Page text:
Saving Sophia’s Baby: A doctor’s honesty builds trust

When Sophia Covarrubias was referred to the Center for Maternal and Fetal Care at The Children’s Hospital of San Antonio, she didn’t know what to expect. It is here where she met Dr. Emma Rodriguez, the physician who would be brutally honest with her about her pregnancy which in the end would save her baby’s life.

 “This doctor explained things in very black and white terms, and I wasn’t sure how to take it,” said Sophia.

But after giving the news more thought, she decided Dr. Rodriguez’s honest assessment may not have been what she wanted to hear, but it was exactly what she needed.

A couple of years earlier, Sophia had a scary pregnancy, one in which she lost her baby. Not wanting to relive that traumatic experience with another pregnancy and knowing she was high risk, she continued to see Dr. Rodriguez.  She decided she liked how thorough Dr.  Rodriguez was and how she based her assessments on Sophia’s history and not necessarily her current condition.

Emma Rodriguez, MD, cares for women experiencing high-risk pregnancies. She is part of the team at the Center for Maternal and Fetal Care at The Children’s Hospital of San Antonio.

With her first pregnancy, she was young and knew deep down something was wrong with her baby, but her doctor wouldn’t listen to her. This taught her the importance of speaking up and getting to a doctor who could help her which is what she did this time around. When her regular obstetrician suggested she was high-risk with her second pregnancy, she immediately called The Center for Maternal and Fetal Care at The Children’s Hospital of San Antonio to consult with a high-risk maternal fetal medicine specialist who deals with pregnancy complications on a daily basis.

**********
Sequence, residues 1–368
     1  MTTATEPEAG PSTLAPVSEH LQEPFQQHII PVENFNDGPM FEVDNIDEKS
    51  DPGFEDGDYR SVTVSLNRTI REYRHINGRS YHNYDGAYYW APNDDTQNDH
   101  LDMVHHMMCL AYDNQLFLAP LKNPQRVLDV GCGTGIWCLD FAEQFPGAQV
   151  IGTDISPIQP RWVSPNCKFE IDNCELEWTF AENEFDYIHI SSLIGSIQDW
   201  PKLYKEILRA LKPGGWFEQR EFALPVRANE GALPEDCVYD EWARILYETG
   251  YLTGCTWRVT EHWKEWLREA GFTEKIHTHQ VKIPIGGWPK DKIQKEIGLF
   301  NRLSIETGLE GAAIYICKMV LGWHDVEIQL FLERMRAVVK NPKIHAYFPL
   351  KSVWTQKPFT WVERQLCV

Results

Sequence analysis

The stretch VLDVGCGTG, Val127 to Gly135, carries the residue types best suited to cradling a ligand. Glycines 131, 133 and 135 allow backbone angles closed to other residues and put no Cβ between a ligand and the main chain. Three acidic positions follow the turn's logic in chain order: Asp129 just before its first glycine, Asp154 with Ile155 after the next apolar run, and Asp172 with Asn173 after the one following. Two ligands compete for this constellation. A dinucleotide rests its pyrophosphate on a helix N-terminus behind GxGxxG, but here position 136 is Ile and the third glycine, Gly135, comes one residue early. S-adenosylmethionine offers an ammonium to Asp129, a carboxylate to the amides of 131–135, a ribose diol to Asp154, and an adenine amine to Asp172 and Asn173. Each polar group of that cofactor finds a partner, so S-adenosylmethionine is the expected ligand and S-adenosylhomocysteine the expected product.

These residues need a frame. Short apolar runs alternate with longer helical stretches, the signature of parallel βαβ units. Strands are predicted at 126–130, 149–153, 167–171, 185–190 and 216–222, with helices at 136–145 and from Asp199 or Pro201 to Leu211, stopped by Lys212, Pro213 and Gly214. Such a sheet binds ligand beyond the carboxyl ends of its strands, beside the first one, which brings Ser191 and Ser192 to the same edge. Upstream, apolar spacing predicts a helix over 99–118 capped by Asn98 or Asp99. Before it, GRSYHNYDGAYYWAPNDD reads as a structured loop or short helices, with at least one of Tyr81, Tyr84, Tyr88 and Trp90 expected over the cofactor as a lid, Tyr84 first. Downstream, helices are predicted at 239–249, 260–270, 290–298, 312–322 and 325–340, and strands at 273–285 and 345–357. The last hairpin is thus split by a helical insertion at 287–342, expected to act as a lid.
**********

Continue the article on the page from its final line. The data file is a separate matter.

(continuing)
“I felt safe with Dr. Rodriguez,” said Sophia. “She made me feel like she cared about me not only as her patient, but as a person. There was just something about her that made me feel special.”

When Sophia was 22 weeks pregnant, she developed a shortened cervix, which concerned Dr. Rodriguez. She told Sophia about cerclage surgery, which is a procedure designed to strengthen the cervix with a surgical stitch to reduce the risk of miscarriage or pre-term birth.

Dr. Rodriguez told Sophia the procedure would involve some risk and that she could not guarantee it would work, but the doctor said it was the best option to bring Sophia closer to her due date. Dr. Rodriguez instructed Sophia to follow up with her in three days.

The next day while Sophia was driving to work, Dr. Rodriguez called her and told she was so worried that she didn’t sleep the night before. She was concerned about Sophia and strongly recommended that she have the cerclage procedure as soon as possible.